St. Petersburg pair on a mission to provide homes for veterans

Sheila Mutascio, left, and Carol Barkalow work to change the battery in a smoke detector in one of the eight homes they’ve rehabbed for veterans in St. Petersburg. The pair behind Heaven on Earth for Veterans have rented to 49 people so far.
Sheila Mutascio, left, and Carol Barkalow work to change the battery in a smoke detector in one of the eight homes they’ve rehabbed for veterans in St. Petersburg. The pair behind Heaven on Earth for Veterans have rented to 49 people so far.
Published Aug. 1, 2014

Retired Army Lt. Col. Carol Barkalow understands her tenants.

She remembers the grind of training and the camaraderie that stems from combat, not sleeping for 36 hours, and the feeling of mortar explosions echoing in her chest. She knows what it's like to fight overseas and come home to a different kind of battle.

"Veterans understand veterans," Barkalow said.

After 26 years in uniform, she retired to civilian life. Now she has a partner, a pension and a life she calls blessed. But she knows that not all veterans are as lucky. In Pinellas, 1,400 are homeless.

That's why she and her partner, Sheila Mutascio, founded Heaven on Earth for Veterans. For 2 1/2 years, they have been buying and renovating rundown homes south of Central Avenue and renting them to homeless veterans.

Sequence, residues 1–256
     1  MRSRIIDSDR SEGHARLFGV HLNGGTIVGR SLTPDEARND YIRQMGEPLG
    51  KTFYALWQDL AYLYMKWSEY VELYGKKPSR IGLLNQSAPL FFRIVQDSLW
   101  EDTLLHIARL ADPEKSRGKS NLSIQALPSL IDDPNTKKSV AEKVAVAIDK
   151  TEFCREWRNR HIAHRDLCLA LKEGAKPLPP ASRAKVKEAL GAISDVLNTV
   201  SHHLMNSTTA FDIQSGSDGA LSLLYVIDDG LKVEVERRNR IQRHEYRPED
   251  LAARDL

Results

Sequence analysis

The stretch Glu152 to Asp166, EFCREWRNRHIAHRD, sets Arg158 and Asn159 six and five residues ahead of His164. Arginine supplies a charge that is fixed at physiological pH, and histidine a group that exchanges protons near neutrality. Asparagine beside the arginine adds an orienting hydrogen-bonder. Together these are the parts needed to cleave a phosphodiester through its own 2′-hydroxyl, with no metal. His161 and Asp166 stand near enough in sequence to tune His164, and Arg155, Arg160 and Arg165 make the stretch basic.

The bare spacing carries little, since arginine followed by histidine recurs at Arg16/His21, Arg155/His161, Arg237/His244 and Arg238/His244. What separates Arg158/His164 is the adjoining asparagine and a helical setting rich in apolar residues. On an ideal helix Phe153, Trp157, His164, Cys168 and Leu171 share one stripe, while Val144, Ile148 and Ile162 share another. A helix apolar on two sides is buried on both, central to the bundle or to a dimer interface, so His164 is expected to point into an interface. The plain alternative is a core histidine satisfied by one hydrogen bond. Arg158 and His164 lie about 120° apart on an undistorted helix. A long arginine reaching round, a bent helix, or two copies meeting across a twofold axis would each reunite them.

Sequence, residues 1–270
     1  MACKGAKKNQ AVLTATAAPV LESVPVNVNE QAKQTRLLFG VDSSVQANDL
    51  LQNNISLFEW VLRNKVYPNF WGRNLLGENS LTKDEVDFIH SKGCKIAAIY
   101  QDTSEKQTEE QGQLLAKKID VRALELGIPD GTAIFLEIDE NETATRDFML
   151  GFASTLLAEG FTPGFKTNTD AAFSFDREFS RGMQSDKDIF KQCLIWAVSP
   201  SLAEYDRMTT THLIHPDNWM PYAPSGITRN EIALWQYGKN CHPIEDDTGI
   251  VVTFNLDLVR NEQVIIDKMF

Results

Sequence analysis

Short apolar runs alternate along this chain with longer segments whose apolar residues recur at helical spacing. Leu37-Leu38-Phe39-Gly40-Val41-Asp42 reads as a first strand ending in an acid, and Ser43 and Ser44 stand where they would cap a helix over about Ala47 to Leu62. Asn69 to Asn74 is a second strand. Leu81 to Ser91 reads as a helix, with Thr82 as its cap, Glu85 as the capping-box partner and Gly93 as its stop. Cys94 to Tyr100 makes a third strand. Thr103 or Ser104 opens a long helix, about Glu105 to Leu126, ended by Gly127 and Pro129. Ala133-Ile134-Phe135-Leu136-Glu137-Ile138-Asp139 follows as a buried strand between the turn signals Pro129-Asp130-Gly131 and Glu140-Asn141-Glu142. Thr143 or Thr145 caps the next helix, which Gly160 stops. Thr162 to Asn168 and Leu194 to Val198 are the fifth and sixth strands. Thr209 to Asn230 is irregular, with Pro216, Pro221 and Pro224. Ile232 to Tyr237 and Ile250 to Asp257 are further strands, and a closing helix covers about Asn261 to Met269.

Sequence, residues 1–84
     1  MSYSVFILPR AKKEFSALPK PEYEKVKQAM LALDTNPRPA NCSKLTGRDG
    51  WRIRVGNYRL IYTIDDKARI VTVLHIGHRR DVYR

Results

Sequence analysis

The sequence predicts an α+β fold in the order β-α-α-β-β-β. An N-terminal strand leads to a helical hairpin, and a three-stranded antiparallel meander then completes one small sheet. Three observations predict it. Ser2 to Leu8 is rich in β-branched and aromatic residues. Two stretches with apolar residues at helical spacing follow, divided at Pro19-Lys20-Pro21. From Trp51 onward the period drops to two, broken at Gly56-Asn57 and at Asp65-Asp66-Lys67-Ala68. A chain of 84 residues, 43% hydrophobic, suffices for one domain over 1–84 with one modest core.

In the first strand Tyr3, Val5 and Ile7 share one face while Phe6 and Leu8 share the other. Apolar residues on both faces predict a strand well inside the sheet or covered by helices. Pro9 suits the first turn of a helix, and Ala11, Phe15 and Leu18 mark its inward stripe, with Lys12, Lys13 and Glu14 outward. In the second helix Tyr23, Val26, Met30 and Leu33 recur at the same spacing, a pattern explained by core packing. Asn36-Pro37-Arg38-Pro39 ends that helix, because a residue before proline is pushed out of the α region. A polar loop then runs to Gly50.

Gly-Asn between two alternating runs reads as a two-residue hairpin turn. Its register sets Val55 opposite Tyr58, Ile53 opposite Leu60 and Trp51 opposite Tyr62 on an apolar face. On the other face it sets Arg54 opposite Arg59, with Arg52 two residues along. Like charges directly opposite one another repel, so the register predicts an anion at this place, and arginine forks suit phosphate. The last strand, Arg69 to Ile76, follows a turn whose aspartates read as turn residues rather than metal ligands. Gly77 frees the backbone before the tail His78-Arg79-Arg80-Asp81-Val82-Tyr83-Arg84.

So far, they've housed 49.

Barkalow and Mutascio have short-term goals, like finding more money to buy more homes for more veterans. But they have bigger aspirations, too.

"Homeless vets is one number," Barkalow said, "but vets in need is a whole different number."

The women met in 2010, when Barkalow, 55, who works for the county, got her hair cut by Mutascio, 48, who owns a beauty shop. Barkalow had an "old lady perm." Mutascio fixed it.

Before their wedding last summer in New York, the pair sent their friends and family members a letter. They didn't want wedding presents, it said, only gift cards to Lowes and Home Depot — not for their own use, but for the veterans.

Technically the vets are tenants, but it's more than that.

"They're family," Barkalow says. "We're not landlords. We don't come once a month to collect the rent."

For $400 to $700 a month, veterans get a furnished private bedroom and shared common space, Internet and cable, all utilities, laundry facilities, linens and a kitchen stocked with cookware. All they have to pay for is food.

Nearly all the furnishings in the eight rental homes were either donated or discounted. A local couple provided the American flags that fly outside each home and donated $400. Cutting Edge Granite gave them a slab of kitchen counter, and Weather Tite Windows in Tampa offered a price cut for one home and donated six windows for another. Wholesale Direct AMZ has provided numerous pallets of bedding and pillows. Small monetary donations from the Veterans Boat Parade and the St. Petersburg West Rotary Club have helped with renovation essentials. One Korean War POW, Bill Allen, wrote them a personal check for $1,000.